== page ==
Copyright © 2016 / Dave O’Farrell / All Rights Reserved

Christmas from a New Perspective

If you are unemployed at Christmas for the first time this year – or for the first time in many years – I suppose you’re looking at Christmas from a new perspective. (If you’ve had any other major life events this past year, you’re looking at Christmas from a new perspective too.)

When your life and career are rockin’ and rollin’ along it’s easy to say something like, “Money is nice, but it’s not what makes me happy; I could live on a lot less.” Or maybe something more like this: “Being a manager in a well-known company and having over 20 years of service is nice, but it’s not what makes me happy; I would be content no matter what my circumstances.”

Now that you’ve hit an inevitable bump in your life and career, maybe those words don’t ring so true anymore. If they don’t, I encourage you to listen to the disquiet spirit within you to figure out what it’s saying. The message is important; it’s up to you whether you listen and take heed.

When I hit a rough spot in my life and career, my prideful gets self dashed against the rocks and pounded by the waves. I learn not only to look at Christmas from a new perspective, but at all of life from a new perspective. I am being transformed by the renewing of my mind. (Notice the present tense here; I have a long way to go.)

“Do not conform any longer to the pattern of this world, but be transformed by the renewing of your mind. Then you will be able to test and approve what’s God’s will is – his good, pleasing and perfect will.” – Romans 12:2

The pattern of this world is “success.” The world measures success in titles, degrees, income, houses, cars, toys, vacations, children and spouses. In Joy That Lasts, Gary Smalley describes how his life changed when he hit a rough spot: “For the first time I began to realize my major mistake: I was expecting to find fulfillment in people, places, possessions and position.”

The pattern of God’s kingdom is “significance.” Life is about moving from success to significance. It’s about moving from the sinful, human nature that is within all of us – toward a higher, Godlier nature. I wrote this a few years ago when I was struggling with this issue:

Christmas isn’t about the money we spend; it’s about the time we spend with God.
It’s not about the gifts we give; it’s about the love we give to one another.
It’s not about preparing our homes for guests; it’s about preparing our hearts for Christ.

– – – – – – –

Arriving at Christmas without a job is one more mile on your journey of faith, one more step in your sanctification process, one more call from God asking you to allow him into your heart – or into the deeper recesses of your heart. In Ephesians 4:22-24 Paul said, “Put off your old self, which is being corrupted by its deceitful desires; to be made new in the attitude of your minds; and to put on the new self, created to be like God in true righteousness and holiness.”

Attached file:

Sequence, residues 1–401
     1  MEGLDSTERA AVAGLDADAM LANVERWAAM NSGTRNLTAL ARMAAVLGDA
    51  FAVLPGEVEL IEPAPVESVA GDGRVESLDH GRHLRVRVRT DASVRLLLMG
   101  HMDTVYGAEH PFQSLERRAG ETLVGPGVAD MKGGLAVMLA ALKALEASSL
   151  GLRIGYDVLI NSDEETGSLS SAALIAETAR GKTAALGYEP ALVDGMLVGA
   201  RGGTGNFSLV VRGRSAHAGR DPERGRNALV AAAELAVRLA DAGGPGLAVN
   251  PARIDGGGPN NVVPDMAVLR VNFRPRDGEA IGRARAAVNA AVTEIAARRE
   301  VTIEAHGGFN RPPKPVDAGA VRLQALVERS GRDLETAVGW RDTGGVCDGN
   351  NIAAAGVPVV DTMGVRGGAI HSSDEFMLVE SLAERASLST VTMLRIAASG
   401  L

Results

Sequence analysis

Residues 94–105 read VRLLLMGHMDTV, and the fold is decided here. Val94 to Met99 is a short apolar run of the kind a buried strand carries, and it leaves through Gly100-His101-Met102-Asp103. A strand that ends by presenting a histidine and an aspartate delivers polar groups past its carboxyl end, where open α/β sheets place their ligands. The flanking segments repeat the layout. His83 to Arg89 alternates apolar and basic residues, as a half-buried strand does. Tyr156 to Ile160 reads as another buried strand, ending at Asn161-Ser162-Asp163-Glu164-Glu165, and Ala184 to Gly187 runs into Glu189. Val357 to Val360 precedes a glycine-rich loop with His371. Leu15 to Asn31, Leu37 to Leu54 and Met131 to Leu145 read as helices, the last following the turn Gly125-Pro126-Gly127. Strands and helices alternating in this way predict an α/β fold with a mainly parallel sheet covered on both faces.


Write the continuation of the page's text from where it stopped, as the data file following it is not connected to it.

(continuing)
Here are three quick points from Paul’s words above:

1. Put off your old self.

He lists deceitful desires elsewhere in his letters; they include: anger, greed (which he says is idolatry), selfish ambition, lust and envy. (These five desires are selected from Galatians 5:19-21 and Colossians 3:5.) Referring to these desires in his song, “The Change,” Steven Curtis Chapman sings, “I got this way of living that I have to die to every single day.” Chapman says that even though he’s a Christian, he still has to suppress his human nature every single day.

2. Adopt a new attitude.

Be less like Eeyore…

You may have to fake it ’til you make it, but put on the best attitude you possibly can (except with God and about three close confidants). Nobody wants to hire Eeyore, so stop acting like him and start acting a little more like Tigger. Follow Paul’s instruction in 1 Thessalonians 5:16-18, “Be joyful always; pray continually; give thanks in all circumstances, for this is God’s will for you in Christ Jesus.”

3. Put on the new self.

… and more like Tigger.

Here’s where the growth occurs. God speaks to us through our feelings. If we are experiencing negative feelings, he is showing us an area for growth. As we grow we become more like Christ, as Paul explains in 2 Corinthians 3:18, “And we, who with unveiled faces all reflect the Lord’s glory, are being transformed into his likeness with ever-increasing glory, which comes from the Lord, who is the Spirit.” As we grow we are transformed in Christ’s likeness.

Christmas is about God’s presence in our lives. He sent his Son, born a lowly birth, to live and die as one of us, a perfect example for all mankind. Take the three steps above; you will begin to experience God’s peace and feel his presence in this Christmas season. Here are two final words for this week from Paul:

“Those who live according to the sinful nature have their minds set on what that nature desires; but those who live in accordance with the Spirit have their minds set on what the Spirit desires. The mind of sinful man is death, but the mind controlled by the Spirit is life and peace.” – Romans 8:5-8

“May the God of hope fill you with all joy and peace as you trust in him, so that you may overflow with hope by the power of the Holy Spirit.” – Romans 15:13

See you on Friday at JobSeekers, where life and joy and hope and peace and power abound.

Copyright © 2016 / Dave O’Farrell / All Rights Reserved